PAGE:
Echoes from Vagabondia

by Bliss Carman


 

BY STILL WATERS

"HE LEADETH ME BESIDE THE STILL WATERS; HE RESTORETH MY SOUL."


 

MY tent stands in a garden
Of aster and goldenrod,
Tilled by the rain and the sunshine,
And sown by the hand of God, —
An old New England pasture
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Abandoned to peace and time,
And by the magic of beauty
Reclaimed to the sublime.

About it are golden woodlands
Of tulip and hickory;

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On the open ridge behind it
You may mount to a glimpse of sea, —
The far-off, blue, Homeric
Rim of the world’s great shield,
A border of boundless glamour
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For the soul’s familiar field.

In purple and gray-wrought lichen
The boulders lie in the sun;
Along its grassy footpath
The white-tailed rabbits run.

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The crickets work and chirrup
Through the still afternoon;
And the owl calls from the hillside
Under the frosty moon.

The odorous wild grape clambers

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Over the tumbling wall,
And through the autumnal quiet
The chestnuts open and fall.
Sharing time’s freshness and fragrance,
Part of the earth’s great soul,
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Here man’s spirit may ripen
To wisdom serene and whole.

Shall we not grow with the asters—
Never reluctant nor sad,
Not counting the cost of being,

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Living to dare and be glad?
Shall we not lift with the crickets
A chorus of ready cheer,
Braving the frost of oblivion,
Quick to be happy here?
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Is my will as sweet as the wild grape,
Spreading delight on the air
For the passer-by’s enchantment,
Subtle and unaware?
Have I as brave a spirit,
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Sprung from the self-same mould,
As this weed from its own contentment
Lifting its shaft of gold?

The deep red cones of the sumach
And the woodbine’s crimson’s sprays

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Have bannered the common roadside
For the pageant of passing days.
These are the oracles Nature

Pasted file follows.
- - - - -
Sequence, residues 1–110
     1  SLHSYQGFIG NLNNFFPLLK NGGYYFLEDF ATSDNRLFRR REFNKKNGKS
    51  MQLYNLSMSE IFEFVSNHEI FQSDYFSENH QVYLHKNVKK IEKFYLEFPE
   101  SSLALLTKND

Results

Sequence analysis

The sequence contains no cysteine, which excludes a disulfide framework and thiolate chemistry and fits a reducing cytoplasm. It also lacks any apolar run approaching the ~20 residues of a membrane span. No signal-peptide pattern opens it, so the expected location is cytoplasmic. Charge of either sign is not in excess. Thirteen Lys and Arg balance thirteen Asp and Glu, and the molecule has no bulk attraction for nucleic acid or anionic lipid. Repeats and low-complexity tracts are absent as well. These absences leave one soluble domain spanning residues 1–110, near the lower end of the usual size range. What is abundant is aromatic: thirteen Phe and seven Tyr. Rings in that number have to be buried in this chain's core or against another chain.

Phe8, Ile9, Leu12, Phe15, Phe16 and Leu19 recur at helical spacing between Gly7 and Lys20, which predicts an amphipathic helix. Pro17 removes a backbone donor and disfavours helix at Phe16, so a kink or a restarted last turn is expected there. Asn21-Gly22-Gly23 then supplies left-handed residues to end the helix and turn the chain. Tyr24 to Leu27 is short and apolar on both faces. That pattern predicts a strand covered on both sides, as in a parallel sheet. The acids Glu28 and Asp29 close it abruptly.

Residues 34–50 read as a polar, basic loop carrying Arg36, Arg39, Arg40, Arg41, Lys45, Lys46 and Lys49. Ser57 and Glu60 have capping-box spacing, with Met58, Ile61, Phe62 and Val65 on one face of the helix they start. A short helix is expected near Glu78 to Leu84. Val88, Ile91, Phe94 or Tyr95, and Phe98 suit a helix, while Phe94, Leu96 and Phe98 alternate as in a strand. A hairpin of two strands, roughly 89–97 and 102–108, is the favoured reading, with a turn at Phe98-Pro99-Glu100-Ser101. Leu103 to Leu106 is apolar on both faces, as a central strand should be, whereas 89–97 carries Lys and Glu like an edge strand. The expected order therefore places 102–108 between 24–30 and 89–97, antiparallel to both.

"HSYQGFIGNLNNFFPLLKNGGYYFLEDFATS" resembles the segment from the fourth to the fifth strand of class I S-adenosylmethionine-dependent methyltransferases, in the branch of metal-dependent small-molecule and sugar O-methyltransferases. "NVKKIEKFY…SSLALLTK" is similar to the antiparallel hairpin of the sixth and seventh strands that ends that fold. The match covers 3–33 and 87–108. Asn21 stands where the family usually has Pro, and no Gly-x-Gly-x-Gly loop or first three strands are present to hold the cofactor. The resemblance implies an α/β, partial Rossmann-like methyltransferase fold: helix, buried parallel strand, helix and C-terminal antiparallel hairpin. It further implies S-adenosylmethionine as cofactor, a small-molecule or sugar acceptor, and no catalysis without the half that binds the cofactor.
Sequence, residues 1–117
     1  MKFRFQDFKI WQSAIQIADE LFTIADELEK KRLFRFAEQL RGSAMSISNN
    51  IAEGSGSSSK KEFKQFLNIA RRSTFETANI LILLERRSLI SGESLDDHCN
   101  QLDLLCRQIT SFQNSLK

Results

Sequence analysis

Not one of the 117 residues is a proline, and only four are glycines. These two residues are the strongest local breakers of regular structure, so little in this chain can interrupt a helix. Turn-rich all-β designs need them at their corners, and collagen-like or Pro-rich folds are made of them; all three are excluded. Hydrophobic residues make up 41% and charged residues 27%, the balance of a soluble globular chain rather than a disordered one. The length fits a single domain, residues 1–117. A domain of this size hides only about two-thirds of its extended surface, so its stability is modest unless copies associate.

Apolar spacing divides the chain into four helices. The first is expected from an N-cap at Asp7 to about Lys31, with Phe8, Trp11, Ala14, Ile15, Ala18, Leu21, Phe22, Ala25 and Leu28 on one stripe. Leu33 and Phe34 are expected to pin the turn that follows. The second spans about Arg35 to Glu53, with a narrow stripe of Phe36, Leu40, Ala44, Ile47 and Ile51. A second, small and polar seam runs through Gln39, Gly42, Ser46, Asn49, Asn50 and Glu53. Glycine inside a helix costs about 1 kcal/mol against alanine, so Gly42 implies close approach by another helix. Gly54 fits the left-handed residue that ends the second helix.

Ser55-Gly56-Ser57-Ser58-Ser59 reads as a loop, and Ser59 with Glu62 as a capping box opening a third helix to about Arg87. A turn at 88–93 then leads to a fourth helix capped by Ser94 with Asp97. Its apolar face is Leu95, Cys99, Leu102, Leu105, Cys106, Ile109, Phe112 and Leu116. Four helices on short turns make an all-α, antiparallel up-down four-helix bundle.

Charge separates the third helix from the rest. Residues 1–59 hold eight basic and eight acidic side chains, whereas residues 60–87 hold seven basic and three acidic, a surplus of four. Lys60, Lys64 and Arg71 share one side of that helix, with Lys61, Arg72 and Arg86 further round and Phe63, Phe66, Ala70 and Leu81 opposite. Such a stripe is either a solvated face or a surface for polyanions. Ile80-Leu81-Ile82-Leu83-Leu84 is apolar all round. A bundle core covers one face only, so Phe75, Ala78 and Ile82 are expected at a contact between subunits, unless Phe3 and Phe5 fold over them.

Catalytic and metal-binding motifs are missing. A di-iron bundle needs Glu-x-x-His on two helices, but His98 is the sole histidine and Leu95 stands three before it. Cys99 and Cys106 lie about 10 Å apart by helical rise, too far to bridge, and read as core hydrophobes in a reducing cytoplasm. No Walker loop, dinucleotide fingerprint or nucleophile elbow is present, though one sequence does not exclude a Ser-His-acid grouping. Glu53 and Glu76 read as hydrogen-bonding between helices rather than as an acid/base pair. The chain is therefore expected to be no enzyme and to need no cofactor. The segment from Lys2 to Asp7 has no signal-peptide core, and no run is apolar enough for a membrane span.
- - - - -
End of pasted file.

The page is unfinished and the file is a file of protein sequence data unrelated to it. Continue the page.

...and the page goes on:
Fills with her holy breath,
Giving them glory of color,
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Transcending the shadow of death.

Here in the sifted sunlight
A spirit seems to brood
On the beauty and worth of being,
In tranquil, instinctive mood;

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And the heart, filled full of gladness
Such as the wise earth knows,
Wells with a full thanksgiving
For the gifts that life bestows:

For the ancient and virile nurture

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Of the teeming primordial ground,
For the splendid gospel of color,
The rapt revelations of sound;
For the morning-blue above us
And the rusted gold of the fern,
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For the chickadee’s call to valor
Bidding the faint-heart turn;

For fire and running water,
Snowfall and summer rain;
For sunsets and quiet meadows,

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The fruit and the standing grain;
For the solemn hour of moonrise
Over the crest of trees,
When the mellow lights are kindled
In the lamps of the centuries;
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For those who wrought aforetime,
Led by the mystic strain
To strive for the larger freedom,
And live for the greater gain;
For plenty and peace and playtime,
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The homely goods of earth,
And for rare immaterial treasures
Accounted of little worth;

For art and learning and friendship,
Where beneficent truth is supreme,—

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Those everlasting cities
Built on the hills of dream;
For all things growing and goodly
That foster this life, and breed
The immortal flower of wisdom
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Out of the mortal seed.

But most of all for the spirit
That cannot rest nor bide
In stale and sterile convenience,
Nor safely proven and tried,

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But still inspired and driven,
Must seek what better may be,
And up from the loveliest garden
Must climb for a glimpse of sea.